Who are given specialised care during the Covid-19 pandemic? Biological age as an assessment reference for people in various ages in decisions on care or nursing interventions (BioAge(in)Work)
Other project members
Anna-Liisa Närvänen, Linda Hiltunen
Linnaeus University; community organizations (e.g. actors in regional operations, employer organisations, trade unions, professionals in healthcare/care, and pensioner organisations); reference group (representatives from the Riksdag, the professional field, the management of health and medical care at regional level, and the scientific field)
The Swedish Research Council (Vetenskapsrådet)
1 Dec 2022–31 Dec 2026
Social work (Department of Social Work, Faculty of Social Sciences)
More about the project
According to the Swedish Health and Medical Care Act, healthcare is to be provided on the same terms for the whole population in the country and those who are most in need of healthcare are given priority. On account of the Covid-19 pandemic, healthcare resources became strained and the issue of prioritisation was brought to the fore, not least within intensive care but also within home care and sheltered housing-related care.
In order to meet the greatly increased care need, the National Board of Health and Welfare presented new guidelines for the prioritisation of resources within health and medical care in general and for intensive care in particular. The topical publication – Nationella principer för prioritering inom intensivvård under extraordinära förhållanden (2020) – stresses the human dignity principle, which involves that prioritisation of care resources must not be based on the patient’s chronological age. However, it is fully permitted to take biological age into account as a basis for assessment, which means that assessments of care measures can be made based on the patient’s biological condition in relation to the patient benefit.
Chronological and biological age respectively
This idea of chronological and biological age respectively was presented in 1995 in the prioritisation investigation (SOU 1995:5), where biological age, as opposed to chronological age, is presented as non-discriminatory in the distribution of rights and welfare resources. Thus, the concept of biological age has been used within health and medical care for more than two decades when making care-related prioritisations.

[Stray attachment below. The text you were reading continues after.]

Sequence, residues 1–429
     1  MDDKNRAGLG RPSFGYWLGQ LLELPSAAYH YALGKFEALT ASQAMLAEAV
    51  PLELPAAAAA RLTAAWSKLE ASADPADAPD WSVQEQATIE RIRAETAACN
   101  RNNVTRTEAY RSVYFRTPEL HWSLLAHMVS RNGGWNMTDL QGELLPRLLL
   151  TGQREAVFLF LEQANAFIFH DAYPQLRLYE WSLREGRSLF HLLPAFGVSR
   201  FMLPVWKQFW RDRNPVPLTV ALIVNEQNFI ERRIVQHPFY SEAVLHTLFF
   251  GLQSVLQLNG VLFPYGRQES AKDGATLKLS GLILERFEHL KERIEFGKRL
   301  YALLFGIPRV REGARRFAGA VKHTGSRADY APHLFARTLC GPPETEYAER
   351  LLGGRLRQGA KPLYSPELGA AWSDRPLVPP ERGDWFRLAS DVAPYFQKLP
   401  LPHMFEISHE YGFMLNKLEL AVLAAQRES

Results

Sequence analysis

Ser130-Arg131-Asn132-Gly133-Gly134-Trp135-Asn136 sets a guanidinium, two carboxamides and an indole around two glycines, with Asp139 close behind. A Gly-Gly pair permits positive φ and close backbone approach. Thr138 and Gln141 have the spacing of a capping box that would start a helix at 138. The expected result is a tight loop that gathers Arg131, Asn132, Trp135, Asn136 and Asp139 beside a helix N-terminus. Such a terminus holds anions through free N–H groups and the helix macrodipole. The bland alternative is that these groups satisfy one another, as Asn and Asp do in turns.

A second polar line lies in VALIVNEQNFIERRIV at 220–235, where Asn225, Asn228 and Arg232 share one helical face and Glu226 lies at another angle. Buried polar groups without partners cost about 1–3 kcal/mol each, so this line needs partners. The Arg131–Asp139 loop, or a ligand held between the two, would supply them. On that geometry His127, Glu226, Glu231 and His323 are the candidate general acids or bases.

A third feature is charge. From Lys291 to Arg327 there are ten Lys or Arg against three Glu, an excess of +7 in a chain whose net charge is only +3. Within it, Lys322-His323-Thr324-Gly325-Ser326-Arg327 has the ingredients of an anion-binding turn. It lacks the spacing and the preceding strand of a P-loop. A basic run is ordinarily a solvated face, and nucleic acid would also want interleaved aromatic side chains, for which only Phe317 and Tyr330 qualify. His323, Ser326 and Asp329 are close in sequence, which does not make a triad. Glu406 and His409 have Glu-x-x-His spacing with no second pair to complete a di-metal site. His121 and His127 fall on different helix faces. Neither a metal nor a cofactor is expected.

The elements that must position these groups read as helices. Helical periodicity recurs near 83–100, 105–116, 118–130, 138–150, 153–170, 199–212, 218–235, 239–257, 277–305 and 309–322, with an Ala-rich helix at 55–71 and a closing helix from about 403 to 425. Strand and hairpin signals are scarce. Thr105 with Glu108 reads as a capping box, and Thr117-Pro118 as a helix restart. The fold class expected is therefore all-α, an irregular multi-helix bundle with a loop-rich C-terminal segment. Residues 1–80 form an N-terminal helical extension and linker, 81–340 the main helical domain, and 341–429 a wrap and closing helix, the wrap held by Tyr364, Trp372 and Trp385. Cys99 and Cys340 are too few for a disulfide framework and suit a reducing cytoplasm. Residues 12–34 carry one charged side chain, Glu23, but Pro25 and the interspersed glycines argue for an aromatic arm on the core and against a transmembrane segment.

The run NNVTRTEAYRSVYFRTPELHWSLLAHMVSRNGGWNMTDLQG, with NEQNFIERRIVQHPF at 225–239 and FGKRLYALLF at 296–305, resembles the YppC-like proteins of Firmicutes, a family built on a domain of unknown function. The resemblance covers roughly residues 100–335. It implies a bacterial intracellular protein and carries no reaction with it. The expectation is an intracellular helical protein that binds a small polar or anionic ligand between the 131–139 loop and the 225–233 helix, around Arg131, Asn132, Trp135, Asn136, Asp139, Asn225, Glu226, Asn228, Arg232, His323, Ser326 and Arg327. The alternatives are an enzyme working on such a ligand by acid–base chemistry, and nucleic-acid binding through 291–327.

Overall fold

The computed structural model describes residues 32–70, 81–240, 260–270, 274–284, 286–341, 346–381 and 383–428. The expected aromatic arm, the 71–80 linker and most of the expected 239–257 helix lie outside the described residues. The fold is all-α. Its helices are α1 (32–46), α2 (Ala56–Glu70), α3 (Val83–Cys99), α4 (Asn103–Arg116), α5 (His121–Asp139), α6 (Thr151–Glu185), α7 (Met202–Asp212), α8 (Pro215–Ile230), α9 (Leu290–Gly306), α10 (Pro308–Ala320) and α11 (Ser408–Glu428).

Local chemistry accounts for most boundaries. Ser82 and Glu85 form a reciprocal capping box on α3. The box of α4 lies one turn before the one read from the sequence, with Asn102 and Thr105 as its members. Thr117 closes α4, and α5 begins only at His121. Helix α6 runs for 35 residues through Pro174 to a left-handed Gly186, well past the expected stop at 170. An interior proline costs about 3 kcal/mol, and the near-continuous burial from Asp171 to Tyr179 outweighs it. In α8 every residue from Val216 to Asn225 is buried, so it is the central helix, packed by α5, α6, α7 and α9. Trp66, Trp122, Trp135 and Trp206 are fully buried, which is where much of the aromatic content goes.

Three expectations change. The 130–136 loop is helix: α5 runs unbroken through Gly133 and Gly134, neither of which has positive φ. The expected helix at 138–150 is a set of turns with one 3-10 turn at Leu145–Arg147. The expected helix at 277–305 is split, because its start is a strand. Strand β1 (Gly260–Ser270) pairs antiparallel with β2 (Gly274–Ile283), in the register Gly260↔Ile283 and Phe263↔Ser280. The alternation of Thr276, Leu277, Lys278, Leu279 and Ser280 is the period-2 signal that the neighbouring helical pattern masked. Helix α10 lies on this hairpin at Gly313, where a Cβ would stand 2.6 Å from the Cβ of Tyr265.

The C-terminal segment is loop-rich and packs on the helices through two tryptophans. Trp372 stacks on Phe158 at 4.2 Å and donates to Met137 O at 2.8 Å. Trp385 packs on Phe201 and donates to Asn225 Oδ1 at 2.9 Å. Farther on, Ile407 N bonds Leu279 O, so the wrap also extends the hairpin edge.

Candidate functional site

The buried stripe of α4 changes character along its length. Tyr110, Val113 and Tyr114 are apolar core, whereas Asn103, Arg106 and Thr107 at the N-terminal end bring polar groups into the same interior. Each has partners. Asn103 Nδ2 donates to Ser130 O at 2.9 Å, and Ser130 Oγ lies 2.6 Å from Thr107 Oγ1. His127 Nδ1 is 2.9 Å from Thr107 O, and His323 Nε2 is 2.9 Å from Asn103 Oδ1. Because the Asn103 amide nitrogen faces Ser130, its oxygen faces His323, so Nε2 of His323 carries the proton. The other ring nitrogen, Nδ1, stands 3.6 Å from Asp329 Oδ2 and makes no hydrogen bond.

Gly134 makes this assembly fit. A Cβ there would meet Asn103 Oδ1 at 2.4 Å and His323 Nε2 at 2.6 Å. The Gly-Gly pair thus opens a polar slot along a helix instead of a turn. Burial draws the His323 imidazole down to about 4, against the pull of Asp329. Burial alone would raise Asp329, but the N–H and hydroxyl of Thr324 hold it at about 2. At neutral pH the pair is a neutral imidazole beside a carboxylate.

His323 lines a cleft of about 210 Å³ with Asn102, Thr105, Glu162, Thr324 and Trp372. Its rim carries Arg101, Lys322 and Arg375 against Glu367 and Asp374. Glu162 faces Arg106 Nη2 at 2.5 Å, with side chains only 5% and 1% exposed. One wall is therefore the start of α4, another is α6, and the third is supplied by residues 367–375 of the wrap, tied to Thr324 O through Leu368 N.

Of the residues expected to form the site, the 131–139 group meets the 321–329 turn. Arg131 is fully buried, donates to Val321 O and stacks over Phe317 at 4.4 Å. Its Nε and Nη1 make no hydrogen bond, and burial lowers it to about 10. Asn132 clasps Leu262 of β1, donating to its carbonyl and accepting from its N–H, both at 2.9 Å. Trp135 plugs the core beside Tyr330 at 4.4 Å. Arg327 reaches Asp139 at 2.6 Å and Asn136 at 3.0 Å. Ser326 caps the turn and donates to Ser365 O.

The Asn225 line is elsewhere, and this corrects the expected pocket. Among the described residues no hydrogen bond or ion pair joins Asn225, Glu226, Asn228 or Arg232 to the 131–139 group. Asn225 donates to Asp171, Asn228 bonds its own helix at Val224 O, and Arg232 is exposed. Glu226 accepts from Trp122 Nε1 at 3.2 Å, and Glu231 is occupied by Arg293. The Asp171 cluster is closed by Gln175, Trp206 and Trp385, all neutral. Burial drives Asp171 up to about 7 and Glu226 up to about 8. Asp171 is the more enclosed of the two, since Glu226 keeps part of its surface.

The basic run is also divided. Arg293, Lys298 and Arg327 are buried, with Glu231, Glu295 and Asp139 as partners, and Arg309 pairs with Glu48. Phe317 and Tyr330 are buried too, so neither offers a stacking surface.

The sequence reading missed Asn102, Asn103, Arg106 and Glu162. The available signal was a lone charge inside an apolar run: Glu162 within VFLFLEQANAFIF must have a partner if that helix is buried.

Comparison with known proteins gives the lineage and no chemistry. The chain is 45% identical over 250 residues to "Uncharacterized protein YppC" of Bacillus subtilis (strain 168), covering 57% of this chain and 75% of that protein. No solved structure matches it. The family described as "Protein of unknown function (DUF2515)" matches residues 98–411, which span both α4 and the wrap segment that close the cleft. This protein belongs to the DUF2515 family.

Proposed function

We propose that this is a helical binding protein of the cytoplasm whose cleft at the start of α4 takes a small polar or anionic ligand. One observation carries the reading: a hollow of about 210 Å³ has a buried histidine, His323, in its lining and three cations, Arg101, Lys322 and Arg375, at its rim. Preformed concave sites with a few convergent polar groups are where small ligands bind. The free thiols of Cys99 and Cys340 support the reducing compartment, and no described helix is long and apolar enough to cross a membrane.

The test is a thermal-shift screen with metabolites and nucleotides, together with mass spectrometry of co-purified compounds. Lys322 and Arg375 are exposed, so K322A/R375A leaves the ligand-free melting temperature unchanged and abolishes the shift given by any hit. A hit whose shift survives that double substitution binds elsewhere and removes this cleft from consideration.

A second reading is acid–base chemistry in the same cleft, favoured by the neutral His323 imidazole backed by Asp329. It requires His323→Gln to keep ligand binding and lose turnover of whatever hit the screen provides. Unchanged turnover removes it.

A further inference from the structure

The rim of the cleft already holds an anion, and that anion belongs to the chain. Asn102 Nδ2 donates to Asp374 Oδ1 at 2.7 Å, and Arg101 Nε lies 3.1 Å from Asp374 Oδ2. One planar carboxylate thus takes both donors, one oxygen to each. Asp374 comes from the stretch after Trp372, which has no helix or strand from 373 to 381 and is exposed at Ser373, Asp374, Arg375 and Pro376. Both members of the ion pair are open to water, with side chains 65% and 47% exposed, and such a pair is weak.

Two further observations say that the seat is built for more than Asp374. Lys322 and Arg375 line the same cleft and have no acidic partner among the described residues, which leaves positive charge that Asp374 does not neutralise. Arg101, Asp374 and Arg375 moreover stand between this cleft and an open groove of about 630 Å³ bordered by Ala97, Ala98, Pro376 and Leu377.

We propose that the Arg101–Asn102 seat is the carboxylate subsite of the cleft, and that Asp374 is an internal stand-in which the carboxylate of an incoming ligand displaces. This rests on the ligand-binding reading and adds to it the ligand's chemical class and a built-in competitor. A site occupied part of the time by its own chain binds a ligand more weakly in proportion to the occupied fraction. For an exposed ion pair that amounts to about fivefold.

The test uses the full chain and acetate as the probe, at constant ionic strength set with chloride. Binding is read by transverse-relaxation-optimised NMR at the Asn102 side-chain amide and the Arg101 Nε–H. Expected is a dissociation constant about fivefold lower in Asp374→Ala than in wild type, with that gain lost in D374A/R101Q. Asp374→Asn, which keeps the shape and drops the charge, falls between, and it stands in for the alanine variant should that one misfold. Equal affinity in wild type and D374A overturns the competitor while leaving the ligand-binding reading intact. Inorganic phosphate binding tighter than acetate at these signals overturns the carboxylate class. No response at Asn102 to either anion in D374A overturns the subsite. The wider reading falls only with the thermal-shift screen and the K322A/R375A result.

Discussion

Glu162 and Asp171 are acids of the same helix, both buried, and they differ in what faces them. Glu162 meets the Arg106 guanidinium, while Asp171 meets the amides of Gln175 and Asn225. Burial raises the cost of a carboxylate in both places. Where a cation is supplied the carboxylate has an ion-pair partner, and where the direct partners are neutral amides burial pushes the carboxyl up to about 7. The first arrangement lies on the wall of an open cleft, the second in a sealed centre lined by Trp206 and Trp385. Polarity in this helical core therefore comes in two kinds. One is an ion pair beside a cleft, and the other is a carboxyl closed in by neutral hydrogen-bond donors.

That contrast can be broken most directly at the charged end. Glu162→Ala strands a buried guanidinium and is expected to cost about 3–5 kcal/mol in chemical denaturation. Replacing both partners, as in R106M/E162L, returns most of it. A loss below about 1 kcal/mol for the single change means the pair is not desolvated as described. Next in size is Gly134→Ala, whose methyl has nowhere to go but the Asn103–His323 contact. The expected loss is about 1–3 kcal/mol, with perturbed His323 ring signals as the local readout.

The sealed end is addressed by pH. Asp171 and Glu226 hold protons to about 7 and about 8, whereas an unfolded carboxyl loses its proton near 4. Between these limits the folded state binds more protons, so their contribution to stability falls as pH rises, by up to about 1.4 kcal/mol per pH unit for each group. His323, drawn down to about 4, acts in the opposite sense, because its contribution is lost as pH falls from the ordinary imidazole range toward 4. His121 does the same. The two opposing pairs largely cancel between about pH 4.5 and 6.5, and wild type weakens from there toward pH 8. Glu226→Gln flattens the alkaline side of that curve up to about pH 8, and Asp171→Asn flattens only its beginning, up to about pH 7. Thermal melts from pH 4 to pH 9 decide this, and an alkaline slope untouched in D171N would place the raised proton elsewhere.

Within the frame of this project, we study how biological age is used as an assessment reference and what the consequences of this may be for the concerned parties. More precisely, the project aims to contribute with knowledge about how the concept of biological age circulates, is interpreted, and is used during the Covid-19 pandemic, and what consequences this has for:
- concerned staff groups
- patients/users of different ages, and
- the concerned units’ professional ethics
Documents, talks, and interviews
The project combines different scientific methods. As a first step, an analysis will be conducted of public documents that shed light on how assessments of care resources should be made in relation to biological age during the Covid-19 pandemic at the national and regional level.
In addition, focus group talks will be held with politicians and concerned professionals who have implemented the national guidelines for care need prioritisations in three of the regions in the country. Individual interviews with health and medical staff in the three chosen regions will also be made, to shed light on issues relating to moral stress in the practical work and how this affects the possibilities of the professionals to maintain good professional ethics. The study focuses on active professionals in emergency healthcare, primary care, home care, and sheltered housing.
Critical age studies
The project is part of the research field critical age studies. The scientific contribution is to present the concept of biological age as a figure of thought and point of departure for social organisation, which also has consequences, not least in the distribution of health and medical care resources. During the Covid-19 pandemic, it became clear that the healthcare system could not provide the same care for everyone, which means that the assessment processes for how care resources are distributed and prioritised based on biological age must be studied from a scientific perspective.
The project is part of the research in the Social work, disability and ageing (SODA) research group.